They have remembered the messages of anti-bullying week. They know what to do and trust the teachers to help them. Pupils and parents are confident that the teachers will swiftly resolve situations.

Attendance was above the national average last year. Fewer pupils are now persistently absent, due to the wide range of interventions and rewards which encourage them to attend school regularly. Your consistent application of the school values, together with effective support for pupils, has ensured that there have been no exclusions in the past two years.

Inspection findings ? The inspection focused on safeguarding arrangements for the school; how well the areas for improvement from the last inspection had been tackled; the effectiveness of support for the most able; the impact of teaching in reading, writing and mathematics, including the effectiveness of support for disadvantaged pupils and pupils who have special educational needs (SEN) and/or disabilities; and the quality of the curriculum. ? The focus on high-quality day-to-day teaching is improving learning for all pupils, whatever their ability. Teachers have good subject knowledge in English and mathematics.

Lessons are well planned to meet the needs of all pupils, to help them make strong progress. Teachers are well supported by additional adults in the classroom who use skilled questioning to develop pupils’ thinking and encourage them to use a wider range of vocabulary. The most-able pupils’ books show well-developed writing since the start of the year.

More pupils are achieving at greater depth in English and mathematics than they were at this point last year, particularly in Reception and Year 6. ? The school places a strong emphasis on the teaching of poetry. Pupils across the school enjoy this aspect of their English work and recognise that it encourages them to use more adventurous and varied vocabulary in their writing.

Pupils make the best progress when teachers stimulate their ideas with high-quality, challenging texts, such as ‘Beowulf’. However, sometimes texts used in lessons are too simple and do not provide effective models for pupils’ writing. This adversely affects the quality of pupils’ work and they make slower progress.

? Phonics is systematically well taught in key stage 1. Pupils make expected progress in their reading from low starting points. Progress in reading throughout the school has improved.

This is due to a new school-wide approach to guided reading. This helps pupils use more specific language about reading. Older pupils back up their ideas using examples from the text, showing their deeper understanding.

Staff value and enjoy teaching using the new approach, and pupils show a pride in their work. However, there is not always enough choice of texts to ensure that there is sufficient challenge for all pupils. ? The use of reasoning in mathematics is consistent across the school.

Pupils enjoy tackling the challenges teachers provide and thinking their mathematics through. However, some most-able pupils say they would like even more challenge. Many of the problems and activities are practical, and pupils readily handle mathematical equipment, which helps deepen their understanding.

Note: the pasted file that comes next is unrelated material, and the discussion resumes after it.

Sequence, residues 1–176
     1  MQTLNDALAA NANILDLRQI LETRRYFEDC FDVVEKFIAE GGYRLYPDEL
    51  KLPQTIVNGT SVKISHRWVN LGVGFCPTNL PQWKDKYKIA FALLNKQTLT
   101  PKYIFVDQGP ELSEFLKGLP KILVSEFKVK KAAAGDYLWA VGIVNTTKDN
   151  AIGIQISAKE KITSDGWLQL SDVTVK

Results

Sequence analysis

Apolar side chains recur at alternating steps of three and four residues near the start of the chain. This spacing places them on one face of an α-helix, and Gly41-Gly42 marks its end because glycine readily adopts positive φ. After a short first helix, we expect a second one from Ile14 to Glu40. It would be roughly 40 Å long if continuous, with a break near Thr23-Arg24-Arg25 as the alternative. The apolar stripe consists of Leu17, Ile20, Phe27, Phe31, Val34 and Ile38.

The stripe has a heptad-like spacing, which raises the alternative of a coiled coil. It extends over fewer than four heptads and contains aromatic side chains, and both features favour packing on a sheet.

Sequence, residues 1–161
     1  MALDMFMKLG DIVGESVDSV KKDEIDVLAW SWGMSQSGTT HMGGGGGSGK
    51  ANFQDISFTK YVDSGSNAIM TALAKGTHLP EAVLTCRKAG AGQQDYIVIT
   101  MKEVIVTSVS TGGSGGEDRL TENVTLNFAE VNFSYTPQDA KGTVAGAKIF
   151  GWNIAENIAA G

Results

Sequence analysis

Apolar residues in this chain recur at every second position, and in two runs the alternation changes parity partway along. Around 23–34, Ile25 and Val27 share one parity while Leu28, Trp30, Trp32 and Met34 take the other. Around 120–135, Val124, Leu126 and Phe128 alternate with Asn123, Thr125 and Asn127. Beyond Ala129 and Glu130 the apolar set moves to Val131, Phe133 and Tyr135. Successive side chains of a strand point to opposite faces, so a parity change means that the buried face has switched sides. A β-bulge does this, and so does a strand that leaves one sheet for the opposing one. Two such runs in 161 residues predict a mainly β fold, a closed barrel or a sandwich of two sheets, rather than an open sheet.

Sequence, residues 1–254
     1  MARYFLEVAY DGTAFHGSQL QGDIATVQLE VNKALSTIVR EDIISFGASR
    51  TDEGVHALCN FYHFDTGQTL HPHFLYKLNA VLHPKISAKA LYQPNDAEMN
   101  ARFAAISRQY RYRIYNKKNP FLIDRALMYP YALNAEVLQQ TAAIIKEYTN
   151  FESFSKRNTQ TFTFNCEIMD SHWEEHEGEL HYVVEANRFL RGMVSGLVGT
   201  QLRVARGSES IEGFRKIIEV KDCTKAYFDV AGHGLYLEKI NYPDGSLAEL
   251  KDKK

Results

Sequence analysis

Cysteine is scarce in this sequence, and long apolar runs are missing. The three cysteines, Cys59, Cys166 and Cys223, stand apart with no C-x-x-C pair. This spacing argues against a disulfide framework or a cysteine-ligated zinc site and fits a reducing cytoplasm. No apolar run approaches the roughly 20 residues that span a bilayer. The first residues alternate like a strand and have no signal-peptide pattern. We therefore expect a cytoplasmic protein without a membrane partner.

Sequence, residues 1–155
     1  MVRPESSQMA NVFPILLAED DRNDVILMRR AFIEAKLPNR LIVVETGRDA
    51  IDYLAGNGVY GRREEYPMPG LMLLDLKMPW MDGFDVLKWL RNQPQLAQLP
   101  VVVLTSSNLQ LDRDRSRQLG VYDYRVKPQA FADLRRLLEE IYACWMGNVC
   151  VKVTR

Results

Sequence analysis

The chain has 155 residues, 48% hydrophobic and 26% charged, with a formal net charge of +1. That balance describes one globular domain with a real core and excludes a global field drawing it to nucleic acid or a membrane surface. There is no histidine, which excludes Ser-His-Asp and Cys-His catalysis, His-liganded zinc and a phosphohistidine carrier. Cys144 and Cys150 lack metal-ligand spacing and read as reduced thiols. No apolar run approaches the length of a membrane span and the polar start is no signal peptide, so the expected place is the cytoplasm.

Pupils are developing greater fluency in calculation and they are proud of their speed and ability. Progress has been best for Year 3 and Year 6, who are part of a trial of a new mathematics approach. ? Disadvantaged pupils are making increasingly better progress throughout the school.

Leaders use their rigorous tracking of progress for disadvantaged pupils and pupils who have SEN and/or disabilities effectively, building on each step forward, however small. They provide bespoke, individualised, targeted help for learning. They ensure that pupils’ needs are swiftly met to help them catch up.

? The inclusion coordinator is passionate about her role and helping pupils, whatever their need. There is also a constructive programme to develop pupils’ self-esteem, which means pupils are positive about their needs. One staff member reflected that pupils see their special need as ‘one challenge amongst lots of their strengths’.

This helps them overcome barriers and succeed in their learning. All this work is helping these pupils to make good progress to catch up with their peers. ? The curriculum is broad and balanced.

Pupils enjoy the topics and say that school is fun because of the wide range of activities the teachers provide for them. The strong arts programme contributes to pupils’ confident self-expression and well-being. They enjoy the opportunity to take part in community events such as the Brighton and Hove children’s parade, as well as art experiences in school.

They see, understand and value the links that have been made in the curriculum to equality and diversity. As well as using the rich diversity of its own community, the school has international school status and a link with a school in Kenya, to deepen pupils’ global understanding. Next steps for the school Leaders and those responsible for governance should ensure that they: ? widen the range of texts available for teaching English and for independent reading, to provide sufficient challenge for all pupils ? build on the success of the new approach to mathematics trialled in Year 3 and Year 6 to benefit all pupils.

I am copying this letter to the chair of the governing body, the regional schools commissioner and the director of children’s services for Brighton and Hove. This letter will be published on the Ofsted website. Yours sincerely Lesley Corbett Ofsted Inspector Information about the inspection I met with you, your deputy headteacher, your English and mathematics teams, your inclusion coordinator, your business manager, seven governors and a group of pupils.

I heard four pupils read and spoke to a representative from the local authority on the telephone. I also considered 22 responses to the staff questionnaire and 127 responses to Ofsted’s online questionnaire, Parent View. I analysed a range of documents, including leaders’ self-evaluation, the school development plan, minutes of governing body meetings, and documents relating to safeguarding checks, policies and procedures.